Family fun playing footgolf
Looking for something slightly different to do as a family while on tour? The Manning family gave the growing craze of footgolf a try and loved every minute of it.
Joe Manning rolls home a 'putt' during his round with dad Jonathan and twin sister Tilly
A shiver of anxiety runs down my spine on the path to the clubhouse. Am I dressed appropriately? Golf club etiquette is notoriously strict, and it’s fair to say that neither myself nor my fellow ‘golfers’ are wearing any clothing likely to feature in photos on the walls of St Andrews or Carnoustie.
Conveniently only a 27-minute drive from Clumber Park campsite in Worksop, happily, there’s a relaxed atmosphere at Newark Golf Centre, where we’re greeted by a dab of hand sanitiser, a warm smile, and tubs of footballs. ‘Footgolf’ is the game on this occasion, and 10 minutes later we’re standing on the first tee, gazing at a distant blue flag.
Footgolf is exactly what it says on the tin. Kick a football from tee to green; the player who takes the fewest kicks to sink the ball in the hole is the winner. It’s played on a proper golf course, akin to a ‘pitch and putt’, so there are fairways, bunkers, rough areas and greens.
Aficionados boast that footgolf is one of the fastest-growing sports, with its own leagues, championships and prize money – although the only thing at stake during today’s 18-hole round is family honour.
My fellow players are my 15-year-old twins, Joe and Tilly. Both are sporty; Joe plays football at an elite level, while Tilly played club football before focusing on running. My own soccer history ended about a decade ago when injuries forced me to hang up my boots. Bookies should have had no trouble establishing odds for this family match, and yet it didn’t quite work out that way.
A blue flag snaps in the wind about 150m from the first tee box. It somehow appears beguilingly close yet alarmingly distant at the same time.
Joe Manning launches a tee shot at Newark Golf Centre
Joe takes two strides then launches his football skywards. The distance is impressive, but the hardness and speed of the summer-baked fairway see his ball arc towards the longer grass. Tilly places her football and swings her leg carefully, favouring accuracy over distance as her ball rolls in a straight line towards the hole. Anyone who believes twins think and act alike should watch this case study of brawn vs brains. As genetics would seem to pre-determine, my own ball ends up somewhere between those of my two offspring.
Shots two and three approach the hole, before we all sink our footballs on shot four. It soon becomes apparent that what proper golfers would refer to as the ‘short game’ – when balls are close to and on the green – is going to determine success or failure here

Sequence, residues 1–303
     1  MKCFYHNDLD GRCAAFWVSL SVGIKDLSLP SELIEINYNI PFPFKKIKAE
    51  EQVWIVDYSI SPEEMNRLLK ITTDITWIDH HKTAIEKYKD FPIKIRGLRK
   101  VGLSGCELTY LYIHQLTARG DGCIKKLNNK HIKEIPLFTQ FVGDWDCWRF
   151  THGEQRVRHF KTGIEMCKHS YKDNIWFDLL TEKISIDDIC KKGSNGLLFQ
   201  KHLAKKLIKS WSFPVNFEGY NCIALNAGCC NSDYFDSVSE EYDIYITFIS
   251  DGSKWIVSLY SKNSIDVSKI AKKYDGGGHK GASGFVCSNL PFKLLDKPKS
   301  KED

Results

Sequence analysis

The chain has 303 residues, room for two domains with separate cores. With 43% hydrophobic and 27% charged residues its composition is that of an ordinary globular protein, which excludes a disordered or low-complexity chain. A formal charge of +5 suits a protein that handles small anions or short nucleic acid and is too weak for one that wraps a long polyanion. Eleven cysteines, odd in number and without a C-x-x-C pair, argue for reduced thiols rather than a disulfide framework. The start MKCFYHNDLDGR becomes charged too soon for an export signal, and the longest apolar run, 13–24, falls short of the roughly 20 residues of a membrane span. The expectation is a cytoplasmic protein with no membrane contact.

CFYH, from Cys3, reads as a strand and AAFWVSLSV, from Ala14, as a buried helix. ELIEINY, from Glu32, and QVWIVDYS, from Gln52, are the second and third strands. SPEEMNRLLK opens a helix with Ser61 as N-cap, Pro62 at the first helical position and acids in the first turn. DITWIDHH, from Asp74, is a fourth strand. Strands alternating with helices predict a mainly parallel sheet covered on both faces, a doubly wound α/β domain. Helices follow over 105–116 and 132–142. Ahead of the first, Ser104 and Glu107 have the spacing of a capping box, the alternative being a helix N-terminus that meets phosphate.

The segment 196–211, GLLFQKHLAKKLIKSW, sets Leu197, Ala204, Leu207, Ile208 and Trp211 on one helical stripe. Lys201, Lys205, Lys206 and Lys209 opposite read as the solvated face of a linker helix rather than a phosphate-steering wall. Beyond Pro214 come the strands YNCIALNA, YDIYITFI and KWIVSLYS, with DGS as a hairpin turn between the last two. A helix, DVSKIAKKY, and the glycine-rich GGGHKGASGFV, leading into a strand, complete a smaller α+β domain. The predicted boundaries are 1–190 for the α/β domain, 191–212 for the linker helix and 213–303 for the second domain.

Power and distance from the tee are illusory advantages compared to precision on a course where holes are typically about 100 to 150m long. In the entire round, Tilly is the only one of us who manages a hole-in-two. I, meanwhile, carry off the trophy for the most highest score on a hole, yo-yoing backwards and forwards across one green, from bunker to rough, for six shots.
As we walk up the fairway towards the halfway mark, the only spectators are a pair of buzzards wheeling in the pale blue sky. The rumble of traffic from the neighbouring A1 and A46 is a constant companion, but we barely notice it as we chat between shots. And, frankly, this is one of the highlights of the day. Walking three abreast on footpaths is rarely possible, but here we can saunter, tease, laugh and joke, distracted by a common game into far broader conversations.
After nine holes Joe changes tactics to copy his sister’s approach (a move he naturally denies). Instead of thumping the ball skywards, he starts to drive the ball along the ground, sacrificing distance in return for accuracy. He also devises a new ‘putting’ stroke, rolling the sole of his foot across the top of his football to steer it towards the hole. Tilly maintains her steady, slide-rule approach, while I’m vaguely aware of a twinge in my right hamstring, and start to worry about the dinnertime ribbing I’ll suffer if I injure myself playing footgolf. Slowly but surely I drop out of contention. Tilly’s two-shot ‘eagle’ briefly catapults her to the top of the leaderboard before a disastrous hole restores her brother’s lead.
“They think it’s all over... it is now,” I say as Joe sinks his final foot-putt on hole 18, prompting both twins to look at me blankly.
It takes us little over an hour to complete 18 holes, rather than the half-day required for proper golf. We’ve needed no special equipment or skills, we’ve not had to honour any dress code, and we’ve had a bundle of fun. Footgolf could become a regular family holiday activity.